Local governments can also build trusted relationships to strengthen inclusivity, participation and resilience while breaking down segregation, hate and polarisation in their communities. Whether through inclusive urban planning or city-led mental health, social, cultural, education-related or other interventions to steer individuals away from violence, there are countless benefits that cities offer. Realising this potential can make an immediate, more sustainable and practical difference to the peace and security of urban communities the world over.

We are proud of the innovative contributions our cities have made. For example, in Rabat, the Municipal Council has prioritised security, integration and inclusion, with an emphasis on women and girls, and vulnerable populations. We have partnered with civil society, as well as urban planners, other local organizations and volunteers in a city-wide effort to build a more gender-inclusive city. This has included infrastructure and equipment, as well as widespread awareness and communications campaigns to highlight and address the intersecting nature of sexual harassment and other forms of violence, including those motivated by extremism and hate. We have built multiple green spaces and social infrastructure, with outdoor sports facilities in urban spaces. This has created meeting places, reduced crime and violence, and is promoting greater social inclusion of marginalised groups. As well as preserving biodiversity, we are promoting the mental and physical health and well-being of Rabat’s residents.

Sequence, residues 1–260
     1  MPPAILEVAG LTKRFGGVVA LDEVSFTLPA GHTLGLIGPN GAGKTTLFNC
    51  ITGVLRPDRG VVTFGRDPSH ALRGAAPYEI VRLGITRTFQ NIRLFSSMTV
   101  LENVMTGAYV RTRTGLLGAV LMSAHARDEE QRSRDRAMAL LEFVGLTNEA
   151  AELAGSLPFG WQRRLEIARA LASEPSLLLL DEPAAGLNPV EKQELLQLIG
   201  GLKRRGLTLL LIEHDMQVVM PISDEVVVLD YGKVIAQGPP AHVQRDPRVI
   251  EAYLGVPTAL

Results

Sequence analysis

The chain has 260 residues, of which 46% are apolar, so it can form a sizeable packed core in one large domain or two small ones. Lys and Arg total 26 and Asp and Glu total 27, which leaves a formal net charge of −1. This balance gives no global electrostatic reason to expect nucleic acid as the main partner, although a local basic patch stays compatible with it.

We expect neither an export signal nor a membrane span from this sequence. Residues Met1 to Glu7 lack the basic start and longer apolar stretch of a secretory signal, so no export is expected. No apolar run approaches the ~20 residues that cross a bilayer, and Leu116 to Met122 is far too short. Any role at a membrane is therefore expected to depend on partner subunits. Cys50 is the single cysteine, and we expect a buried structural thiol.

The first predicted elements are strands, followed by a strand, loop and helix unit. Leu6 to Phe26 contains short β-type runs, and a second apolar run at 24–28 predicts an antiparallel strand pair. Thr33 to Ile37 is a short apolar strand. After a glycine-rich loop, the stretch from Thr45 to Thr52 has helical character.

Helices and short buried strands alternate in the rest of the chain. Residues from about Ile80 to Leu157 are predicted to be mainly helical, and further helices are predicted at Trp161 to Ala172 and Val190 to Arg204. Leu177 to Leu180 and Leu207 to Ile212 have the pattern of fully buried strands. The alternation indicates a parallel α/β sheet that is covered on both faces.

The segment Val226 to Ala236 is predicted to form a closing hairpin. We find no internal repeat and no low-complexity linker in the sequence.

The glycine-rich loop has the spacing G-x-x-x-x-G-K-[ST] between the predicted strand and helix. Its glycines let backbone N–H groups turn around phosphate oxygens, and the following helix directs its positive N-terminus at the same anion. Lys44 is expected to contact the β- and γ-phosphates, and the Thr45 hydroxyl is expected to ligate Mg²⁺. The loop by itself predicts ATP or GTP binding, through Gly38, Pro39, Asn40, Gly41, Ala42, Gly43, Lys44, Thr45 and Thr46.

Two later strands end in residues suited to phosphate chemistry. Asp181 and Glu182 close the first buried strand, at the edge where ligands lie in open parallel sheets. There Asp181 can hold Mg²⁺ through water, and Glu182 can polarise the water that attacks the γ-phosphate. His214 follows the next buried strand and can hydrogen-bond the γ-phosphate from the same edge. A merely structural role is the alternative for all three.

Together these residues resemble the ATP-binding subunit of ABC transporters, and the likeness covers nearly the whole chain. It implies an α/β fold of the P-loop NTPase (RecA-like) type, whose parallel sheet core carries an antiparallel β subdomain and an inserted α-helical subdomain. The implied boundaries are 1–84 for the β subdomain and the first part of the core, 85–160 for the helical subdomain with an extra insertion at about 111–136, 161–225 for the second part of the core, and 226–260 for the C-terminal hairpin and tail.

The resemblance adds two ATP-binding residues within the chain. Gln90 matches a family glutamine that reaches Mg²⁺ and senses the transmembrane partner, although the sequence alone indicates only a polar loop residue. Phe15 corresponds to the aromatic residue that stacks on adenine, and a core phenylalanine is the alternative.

Rabat, Morocco

In The Hague, the Municipality continues to work towards building a more connected, inclusive and resilient society. We have partnered with the Municipality of Rotterdam, for example, to develop and deliver for municipal and other professionals, teaching them how to apply and encourage values of inclusivity and adaptability in their day-to-day work. We have developed a network of volunteers – “The Hague Buddies” – who support new residents with integrating into and navigating the city, and we mitigate anti-refugee sentiment through co-housing initiatives that bring them together with long-term residents.